Treede: No, because we know that in neuropathic pain patients, anti-depressants can help the pain even when they’re not depressed. Having said that, we have this concept which is called ‘comorbidity’, so a certain person can have more than one disease and it’s very frequent that a person who has a chronic pain could also have a depression. In that case maybe as a secondary consequence of the chronic pain, because depression is a mood disorder and clearly chronic pain deteriorates the mood. Then what clinicians often do, when they have the choice of different pharmacological treatments and each treatment addresses more than one thing, they have to tailor this to the individual patient. So if a patient has a chronic pain that has deteriorated the mood of that patient, then you would go for a medication, an antidepressant that helps the depression and the pain.
Another typical comorbidity – when you have chronic pain you don’t sleep very well and actually you sleep much worse than patients with a sleep disorder. Some of the medications that are used against neuropathic pain improve sleep. So, if you have a patient that has a major sleep problem and chronic neuropathic pain, you would go to that drug class that also improves also the sleep condition. Again, if you have a patient that has their comorbidity of depression, you go for the antidepressant, if you go for the comorbidity of sleep disturbance, then you go for the medication that helps sleep.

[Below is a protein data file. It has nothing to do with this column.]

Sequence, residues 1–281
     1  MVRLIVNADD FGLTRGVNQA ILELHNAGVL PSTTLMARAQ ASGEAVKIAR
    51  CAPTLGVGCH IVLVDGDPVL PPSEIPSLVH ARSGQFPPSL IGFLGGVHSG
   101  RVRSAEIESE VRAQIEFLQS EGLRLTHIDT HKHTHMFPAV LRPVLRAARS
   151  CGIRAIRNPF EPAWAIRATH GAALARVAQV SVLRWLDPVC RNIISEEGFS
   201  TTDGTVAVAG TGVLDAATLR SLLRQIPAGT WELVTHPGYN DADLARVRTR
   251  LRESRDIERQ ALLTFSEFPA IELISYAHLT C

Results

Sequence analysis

The same logic applies to all the other drugs, because the older drugs also have multiple mechanisms and this is really the task of the prescribing doctor, to take into account the entire situation of the patient. The patient doesn’t just have one diagnosis, usually they have more than one thing and even if the deteriorated mood does not yet fulfil the clinical diagnosis of depression, it might be helpful to improve the mood, one way or another.
I shouldn’t end this without saying that medications aren’t everything. The treatment is always multi-modal and that means there has to be some behavioural, psychological component to it, usually some element of exercise or physical therapy.
Evans: Yes, the term comorbidity, no person is one illness, in fact, a person is not an illness, a person is a person.
Evans: And chronic pain is a biopsychosocial condition, which means that it’s life, it’s mind and it’s living.
Evans: We are all those things.
Treede: This maybe brings us to the point of quality of life. When we talk about quality of life in the context of chronic pain, we think of aspects of everyday life, such as activities, family life and so on. However, when you talk about the quality of life in general terms, then the absence of pain is one of the major constituents of quality of life. So if you talk, let’s say, about endocrinology, peripheral neuropathies, the absence of pain is a major issue for quality of life and actually, it’s even a predictor of mortality. The same can probably be said about cardiovascular disease, definitely for cancers, so if the cancer is controlled and there is no pain, the quality of life is better, than if the cancer is controlled and there is pain.
So clearly pain or absence of pain is a major factor of quality of life, but it’s not the only one and this is in the psycho and social domain of the biopsychosocial model. It sounds very complicated but day-to-day living activities play a major role, the wellbeing from the patient’s perspective – not some biological parameter, blood count or imaging finding – but really the wellbeing of the patient plays a role. And here pain is defined as a subjective feeling, so pain is when it hurts.